10 Kitchen Tile Designs Ideas

Cushion styles

Basic square, rectangular or round cushion covers have two sides of fabric, stitched together. The opening for the cushion pad can be fastened by simple slip stitches or by way of a zip, buttons or ties ( 304 305, 310 313). The two sides need not be of the same fabric each side could be a combination of fabrics joined before the cushion cover is constructed. Piping or decorative cord can add definition, while braids, fringes and buttons lend texture. Cushion covers can be made so that the stitching line hugs the edge of the pad and is surrounded by a border (like an Oxford pillow case). The border, usually about 5cm (2in) wide, might be in the same fabric as the cushion, or in a contrast.

For a smart tailored look, combine crisp white linen for the main part of the cushion with a fine cotton shirting in a white and coloured stripe for a piping detail, and for the surrounding border use a check of hound’s-or dog’s-tooth. Use the same three fabrics on other cushions in the same group but switch the focus. Borders can be extended, and for a rectangular cushion, like a bed pillow, a large border at the open end secured by buttons is particularly smart.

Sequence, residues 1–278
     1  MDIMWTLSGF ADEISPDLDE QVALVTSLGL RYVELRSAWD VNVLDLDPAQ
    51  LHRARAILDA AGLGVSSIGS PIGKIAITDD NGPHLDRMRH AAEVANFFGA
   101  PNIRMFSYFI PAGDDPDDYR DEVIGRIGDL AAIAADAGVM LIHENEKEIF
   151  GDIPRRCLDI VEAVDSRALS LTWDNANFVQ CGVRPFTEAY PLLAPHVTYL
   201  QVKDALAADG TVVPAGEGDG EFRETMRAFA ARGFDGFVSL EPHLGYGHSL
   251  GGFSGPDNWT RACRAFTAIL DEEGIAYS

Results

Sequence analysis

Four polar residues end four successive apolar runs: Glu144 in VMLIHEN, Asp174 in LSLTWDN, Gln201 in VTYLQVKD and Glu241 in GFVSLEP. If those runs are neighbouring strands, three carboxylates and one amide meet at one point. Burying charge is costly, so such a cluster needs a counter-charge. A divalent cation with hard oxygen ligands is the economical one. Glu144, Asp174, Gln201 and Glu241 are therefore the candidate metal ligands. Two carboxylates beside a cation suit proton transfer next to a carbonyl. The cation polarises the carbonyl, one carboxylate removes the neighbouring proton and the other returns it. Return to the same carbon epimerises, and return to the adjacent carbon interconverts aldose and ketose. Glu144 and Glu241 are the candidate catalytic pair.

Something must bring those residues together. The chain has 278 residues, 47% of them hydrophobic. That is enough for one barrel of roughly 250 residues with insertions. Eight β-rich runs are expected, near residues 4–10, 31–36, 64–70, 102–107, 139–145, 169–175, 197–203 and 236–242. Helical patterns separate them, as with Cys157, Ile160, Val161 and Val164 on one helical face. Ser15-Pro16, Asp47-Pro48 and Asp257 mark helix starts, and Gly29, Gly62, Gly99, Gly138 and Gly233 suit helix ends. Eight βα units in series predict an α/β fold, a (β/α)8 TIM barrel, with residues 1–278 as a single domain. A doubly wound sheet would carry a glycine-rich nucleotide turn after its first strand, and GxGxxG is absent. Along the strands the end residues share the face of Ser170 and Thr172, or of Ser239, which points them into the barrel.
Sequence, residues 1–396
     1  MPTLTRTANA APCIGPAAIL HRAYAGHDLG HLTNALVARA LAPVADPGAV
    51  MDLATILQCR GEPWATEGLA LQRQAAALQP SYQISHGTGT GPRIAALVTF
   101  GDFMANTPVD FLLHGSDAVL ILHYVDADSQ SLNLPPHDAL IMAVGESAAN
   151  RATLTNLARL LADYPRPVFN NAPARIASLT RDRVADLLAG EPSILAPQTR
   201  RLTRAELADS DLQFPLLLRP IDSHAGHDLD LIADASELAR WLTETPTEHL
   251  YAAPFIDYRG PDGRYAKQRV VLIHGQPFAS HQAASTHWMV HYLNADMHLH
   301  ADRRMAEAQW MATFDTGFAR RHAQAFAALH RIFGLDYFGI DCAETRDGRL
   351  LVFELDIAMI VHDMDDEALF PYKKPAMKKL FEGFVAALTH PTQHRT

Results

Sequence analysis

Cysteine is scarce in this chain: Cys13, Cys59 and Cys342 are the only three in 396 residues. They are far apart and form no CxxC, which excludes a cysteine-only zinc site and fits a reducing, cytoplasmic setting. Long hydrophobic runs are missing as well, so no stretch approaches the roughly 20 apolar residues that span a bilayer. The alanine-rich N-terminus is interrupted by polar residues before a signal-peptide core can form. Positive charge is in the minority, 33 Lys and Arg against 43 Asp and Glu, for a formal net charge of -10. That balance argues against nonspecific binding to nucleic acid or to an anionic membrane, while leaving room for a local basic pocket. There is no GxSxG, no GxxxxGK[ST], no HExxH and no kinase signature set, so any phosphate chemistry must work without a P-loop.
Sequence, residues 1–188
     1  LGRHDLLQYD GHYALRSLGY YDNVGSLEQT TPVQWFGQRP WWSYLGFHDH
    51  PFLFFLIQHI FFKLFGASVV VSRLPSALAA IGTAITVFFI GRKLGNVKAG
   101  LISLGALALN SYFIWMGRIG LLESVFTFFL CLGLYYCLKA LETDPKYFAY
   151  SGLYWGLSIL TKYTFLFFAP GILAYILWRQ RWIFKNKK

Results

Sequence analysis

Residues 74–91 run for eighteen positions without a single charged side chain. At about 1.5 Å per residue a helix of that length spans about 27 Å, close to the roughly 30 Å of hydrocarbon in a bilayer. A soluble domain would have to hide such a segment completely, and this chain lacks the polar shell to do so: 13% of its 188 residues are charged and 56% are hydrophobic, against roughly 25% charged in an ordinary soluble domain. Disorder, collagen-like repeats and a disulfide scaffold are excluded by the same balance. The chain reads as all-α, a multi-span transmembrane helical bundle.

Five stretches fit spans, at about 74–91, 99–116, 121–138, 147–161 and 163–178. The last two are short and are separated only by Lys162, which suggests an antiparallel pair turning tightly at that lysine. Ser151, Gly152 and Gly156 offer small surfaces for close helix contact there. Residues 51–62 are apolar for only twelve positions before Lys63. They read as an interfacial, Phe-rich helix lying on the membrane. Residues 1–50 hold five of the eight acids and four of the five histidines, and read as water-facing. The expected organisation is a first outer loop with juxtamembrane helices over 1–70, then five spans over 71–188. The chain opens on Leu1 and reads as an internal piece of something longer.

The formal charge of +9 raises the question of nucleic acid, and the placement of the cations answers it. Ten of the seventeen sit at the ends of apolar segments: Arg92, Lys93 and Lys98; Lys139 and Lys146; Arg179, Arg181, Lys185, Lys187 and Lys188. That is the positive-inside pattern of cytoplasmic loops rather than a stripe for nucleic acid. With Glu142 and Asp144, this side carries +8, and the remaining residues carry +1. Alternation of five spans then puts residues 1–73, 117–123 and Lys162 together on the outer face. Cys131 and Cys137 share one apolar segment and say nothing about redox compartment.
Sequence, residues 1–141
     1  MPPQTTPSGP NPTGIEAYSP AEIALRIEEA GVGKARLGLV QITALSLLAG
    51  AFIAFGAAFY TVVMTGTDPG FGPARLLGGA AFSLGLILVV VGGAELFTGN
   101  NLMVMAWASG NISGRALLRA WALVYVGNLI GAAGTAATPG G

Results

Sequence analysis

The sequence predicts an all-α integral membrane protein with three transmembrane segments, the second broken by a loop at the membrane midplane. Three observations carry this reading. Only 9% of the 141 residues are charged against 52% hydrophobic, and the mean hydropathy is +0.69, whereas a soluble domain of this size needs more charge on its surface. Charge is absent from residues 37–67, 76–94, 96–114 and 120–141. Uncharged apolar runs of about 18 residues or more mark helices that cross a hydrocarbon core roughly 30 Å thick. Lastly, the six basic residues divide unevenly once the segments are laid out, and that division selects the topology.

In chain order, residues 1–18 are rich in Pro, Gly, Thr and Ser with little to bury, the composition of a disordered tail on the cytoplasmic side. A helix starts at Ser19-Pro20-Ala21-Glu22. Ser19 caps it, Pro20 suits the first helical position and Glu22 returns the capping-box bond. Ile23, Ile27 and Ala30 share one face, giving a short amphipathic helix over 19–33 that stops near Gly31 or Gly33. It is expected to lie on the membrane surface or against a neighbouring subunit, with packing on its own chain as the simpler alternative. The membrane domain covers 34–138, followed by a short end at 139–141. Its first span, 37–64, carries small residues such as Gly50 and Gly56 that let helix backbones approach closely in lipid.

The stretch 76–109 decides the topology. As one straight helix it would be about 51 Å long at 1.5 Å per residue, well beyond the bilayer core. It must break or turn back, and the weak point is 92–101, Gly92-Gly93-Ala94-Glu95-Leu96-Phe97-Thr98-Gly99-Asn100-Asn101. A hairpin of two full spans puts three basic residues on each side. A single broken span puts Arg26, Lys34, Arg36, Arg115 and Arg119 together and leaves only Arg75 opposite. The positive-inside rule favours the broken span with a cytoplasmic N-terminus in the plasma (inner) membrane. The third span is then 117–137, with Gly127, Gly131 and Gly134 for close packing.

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For a totally different style, take as your inspiration the rich contrast between a wool blanket and the silky band that borders it and make a cover that combines smart wool suiting with a surround of brightly coloured silk. Alternatively, mix a multitude of stripes or checks or even different scale floral patterns printed or woven but bear in mind that a colour link should bind them. One of the attractive aspects of making cushion covers is that they take only a small amount of fabric and are therefore relatively inexpensive decorative touches.

Making a square cushion cover

To make a plain, square cushion cover without piping, first decide on the finished cushion size. Cut two squares of fabric to the size of the cushion plus a 1.5cm (Kin) seam allowance all around. With right sides facing and raw edges aligned, pin and tack the two pieces together, then remove the pins. Working a few reverse stitches at each end of the seam, machine stitch around the edge, leaving an opening along one side for turning and inserting the cushion. Remove the tacking, trim the seam allowances and clip the corners to reduce bulk, leaving a gap of approximately 6mm (J4in) to avoid fraying. Press the seams.

Turn the cover right side out through the opening and push out the corners so that they are sharp. Press the cover and then insert the cushion. Finally, turn under the seam allowances along the opening, pin and slip stitch closed.

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